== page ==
McCaskill Says Security Clearance System Is Rife With Fraud
The contracting firm that handled the background check of a now-famous NSA leaker is under active criminal investigation. On Thursday, Senator Claire McCaskill (D-Mo.) held a hearing on how security clearances are granted.
Nearly 5 million people currently hold a government security clearance. The Office of Personnel Management handles almost all background investigations for security clearances, and relies heavily on outside contractors for background checks.
But following McCaskill's questioning, experts testified that there was no cost-benefit analysis to say that outside contractors were actually cheaper.
"I'm tired of this assumption being made that contractors are cheaper," McCaskill said. "I've been at this for six years, and I guarantee you about half the time I've looked hard, they haven't been cheaper. I just think it's easier."
Approximately 75 percent of all field investigators are contractors. McCaskill said she couldn't comment further on the firm's criminal investigation as it's still ongoing.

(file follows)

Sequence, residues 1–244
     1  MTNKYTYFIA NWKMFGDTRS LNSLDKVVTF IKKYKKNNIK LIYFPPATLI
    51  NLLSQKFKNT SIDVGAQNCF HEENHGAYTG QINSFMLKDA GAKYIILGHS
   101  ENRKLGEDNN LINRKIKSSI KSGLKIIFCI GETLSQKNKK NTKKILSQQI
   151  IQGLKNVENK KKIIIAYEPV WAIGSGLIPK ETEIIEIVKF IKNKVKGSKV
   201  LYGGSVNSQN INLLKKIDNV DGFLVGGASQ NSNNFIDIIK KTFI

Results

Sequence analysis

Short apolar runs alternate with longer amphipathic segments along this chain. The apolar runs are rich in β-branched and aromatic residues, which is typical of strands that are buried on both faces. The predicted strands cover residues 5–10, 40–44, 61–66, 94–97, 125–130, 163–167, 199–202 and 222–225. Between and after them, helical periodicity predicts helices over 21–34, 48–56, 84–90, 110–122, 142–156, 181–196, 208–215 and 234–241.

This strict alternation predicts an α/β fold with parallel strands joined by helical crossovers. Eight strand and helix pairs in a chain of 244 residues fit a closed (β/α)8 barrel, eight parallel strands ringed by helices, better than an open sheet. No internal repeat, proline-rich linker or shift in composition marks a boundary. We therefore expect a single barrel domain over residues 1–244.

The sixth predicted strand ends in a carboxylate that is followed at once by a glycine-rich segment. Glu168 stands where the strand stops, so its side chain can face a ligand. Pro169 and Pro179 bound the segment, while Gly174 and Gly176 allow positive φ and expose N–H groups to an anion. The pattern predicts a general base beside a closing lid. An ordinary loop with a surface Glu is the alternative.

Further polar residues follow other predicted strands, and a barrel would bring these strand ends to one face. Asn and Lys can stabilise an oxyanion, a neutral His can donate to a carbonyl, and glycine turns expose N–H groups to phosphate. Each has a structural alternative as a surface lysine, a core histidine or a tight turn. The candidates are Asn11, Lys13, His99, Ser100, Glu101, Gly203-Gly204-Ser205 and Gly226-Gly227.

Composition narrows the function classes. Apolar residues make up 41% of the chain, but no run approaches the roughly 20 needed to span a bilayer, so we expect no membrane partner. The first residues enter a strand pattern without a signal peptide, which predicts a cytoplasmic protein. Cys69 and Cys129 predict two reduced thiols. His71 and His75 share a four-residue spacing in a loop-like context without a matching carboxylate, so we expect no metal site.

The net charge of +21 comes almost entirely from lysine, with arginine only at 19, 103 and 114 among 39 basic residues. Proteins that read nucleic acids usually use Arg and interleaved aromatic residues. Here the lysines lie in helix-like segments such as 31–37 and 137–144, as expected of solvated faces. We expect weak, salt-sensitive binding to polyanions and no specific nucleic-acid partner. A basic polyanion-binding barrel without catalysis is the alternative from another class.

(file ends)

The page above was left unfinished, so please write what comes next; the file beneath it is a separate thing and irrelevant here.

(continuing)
McCaskill said the current system, which costs the government a billion dollars a year, is rife with fraud.
The Democratic senator questioned Merton Miller, OPM's Associate Director of investigations. She bristled when he suggested the fund was immune from an audit because its money isn't appropriated.
"Well they were appropriated at some point," McCaskill countered.
"Yes ma'am they were," Miller admitted.
"Because you can't get them unless they were appropriated," McCaskill said. "So you're saying all somebody has to do in government is give some of the money appropriated to them to another agency and presto, whammo, no audit?"
The fund has never been audited, but McCaskill instructed OPM to deliver a cost-benefit analysis on using outside contractors.
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